But more importantly to Mr Weidmann was the principle: SDRs are, like a country’s gold holdings, part of a government’s foreign reserves, which are the exclusive responsibility of the independent central bank to manage – not for politicians to commit willy-nilly to rescue programmes. The Bundesbank had no problem with the 2009 decision to increase SDRs for the IMF, since that is what SDRs were for. But committing them to the eurozone’s bailout fund set a dangerous precedent.
Mr Weidmann’s letter urged Ms Merkel to bury the proposal. But according to German officials, their delegation did not get the letter before leaving for Cannes. Instead, they only learnt of Mr Weidmann’s objection over the phone after they arrived in France, and then in a series of calls attempted to convince him to change his mind. It had become clear to Ms Merkel’s camp that they were about to be surrounded that morning during a bilateral meeting between the chancellor and Mr Obama in the cellar of the Palais. “The French, the Italians all would be willing to do this,” said a member of the German delegation.
But Mr Weidmann could not be moved.
So when Mr Sarkozy quickly endorsed Mr Obama’s idea at the evening session, and turned to Ms Merkel for her support, she delivered the bad news: the Bundesbank had rejected it and she could not agree without the Bundesbank. She supported the plan politically, and if Italy agreed to the ￠80bn IMF programme she may be able to go to the Bundestag to increase the size of the rescue fund itself. But on SDRs, the answer was no.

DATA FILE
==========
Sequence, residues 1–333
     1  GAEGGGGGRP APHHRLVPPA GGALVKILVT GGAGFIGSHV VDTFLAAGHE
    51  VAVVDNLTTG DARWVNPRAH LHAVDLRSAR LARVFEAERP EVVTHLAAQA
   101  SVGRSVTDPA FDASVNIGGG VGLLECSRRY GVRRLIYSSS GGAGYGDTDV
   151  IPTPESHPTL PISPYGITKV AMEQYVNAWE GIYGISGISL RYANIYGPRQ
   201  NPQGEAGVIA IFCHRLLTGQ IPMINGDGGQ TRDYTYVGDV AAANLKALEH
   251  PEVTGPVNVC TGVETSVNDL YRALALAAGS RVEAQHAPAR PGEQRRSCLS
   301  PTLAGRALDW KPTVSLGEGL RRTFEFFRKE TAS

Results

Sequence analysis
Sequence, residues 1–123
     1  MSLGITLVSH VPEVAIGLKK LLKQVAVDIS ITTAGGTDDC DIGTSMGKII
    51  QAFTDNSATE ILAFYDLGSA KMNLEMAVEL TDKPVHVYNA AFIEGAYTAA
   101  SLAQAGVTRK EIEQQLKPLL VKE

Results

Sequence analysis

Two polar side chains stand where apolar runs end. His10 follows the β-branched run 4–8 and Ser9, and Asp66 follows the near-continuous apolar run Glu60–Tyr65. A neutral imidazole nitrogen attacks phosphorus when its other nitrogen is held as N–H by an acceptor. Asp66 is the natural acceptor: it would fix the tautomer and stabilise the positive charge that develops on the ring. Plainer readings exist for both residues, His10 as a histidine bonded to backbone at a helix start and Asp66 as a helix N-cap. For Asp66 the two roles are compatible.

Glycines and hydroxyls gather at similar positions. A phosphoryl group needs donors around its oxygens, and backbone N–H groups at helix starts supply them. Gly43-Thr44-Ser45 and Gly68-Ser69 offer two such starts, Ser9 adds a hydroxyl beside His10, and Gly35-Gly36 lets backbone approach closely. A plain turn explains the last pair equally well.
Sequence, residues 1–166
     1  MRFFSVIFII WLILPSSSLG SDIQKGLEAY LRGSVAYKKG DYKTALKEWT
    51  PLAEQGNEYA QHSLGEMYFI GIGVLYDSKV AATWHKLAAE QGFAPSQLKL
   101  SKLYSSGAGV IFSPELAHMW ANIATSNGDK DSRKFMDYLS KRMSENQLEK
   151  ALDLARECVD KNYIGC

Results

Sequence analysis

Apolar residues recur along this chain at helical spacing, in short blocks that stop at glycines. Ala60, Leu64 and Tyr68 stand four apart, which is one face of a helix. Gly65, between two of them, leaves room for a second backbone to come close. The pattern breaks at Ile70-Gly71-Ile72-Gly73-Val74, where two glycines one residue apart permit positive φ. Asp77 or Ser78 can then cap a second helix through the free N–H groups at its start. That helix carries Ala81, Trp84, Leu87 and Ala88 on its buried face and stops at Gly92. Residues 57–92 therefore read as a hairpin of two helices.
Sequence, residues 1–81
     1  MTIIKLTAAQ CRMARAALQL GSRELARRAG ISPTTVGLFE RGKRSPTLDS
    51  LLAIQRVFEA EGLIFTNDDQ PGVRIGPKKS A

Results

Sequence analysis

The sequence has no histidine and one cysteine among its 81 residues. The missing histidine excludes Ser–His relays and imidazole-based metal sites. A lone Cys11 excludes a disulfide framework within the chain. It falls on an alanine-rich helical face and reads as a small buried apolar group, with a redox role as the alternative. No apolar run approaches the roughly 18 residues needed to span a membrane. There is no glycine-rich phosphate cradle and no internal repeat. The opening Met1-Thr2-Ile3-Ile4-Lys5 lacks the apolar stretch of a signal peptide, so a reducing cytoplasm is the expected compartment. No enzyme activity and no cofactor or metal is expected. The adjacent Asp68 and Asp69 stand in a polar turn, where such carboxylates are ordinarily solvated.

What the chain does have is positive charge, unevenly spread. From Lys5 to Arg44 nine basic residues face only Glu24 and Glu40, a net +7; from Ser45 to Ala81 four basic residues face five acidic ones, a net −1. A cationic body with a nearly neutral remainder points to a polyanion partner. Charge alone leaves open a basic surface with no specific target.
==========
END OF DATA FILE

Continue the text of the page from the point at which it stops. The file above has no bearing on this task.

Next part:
‘The storm was over’
To some in the room, the discussion seemed otherworldly. Although the eurozone was on the brink of imploding because of Greece and Italy, it was Ms Merkel – whose economy was the stalwart anchor of the continent – who had been cornered. Mr Obama had agreed with the Italians that the IMF programme was a bad idea. “I think Silvio is right,” Mr Obama said.
Mr Sarkozy attempted to manage the three-way impasse. The US wanted Germany to contribute its SDRs but Germany was only willing to give a partial commitment if Italy gave in on the IMF programme. Giulio Tremonti, Italy’s finance minister, held firm: Rome would accept IMF monitoring but no programme. Would the Italian monitoring plan, plus a commitment by Germany to contribute bilateral loans, be enough, Mr Sarkozy asked.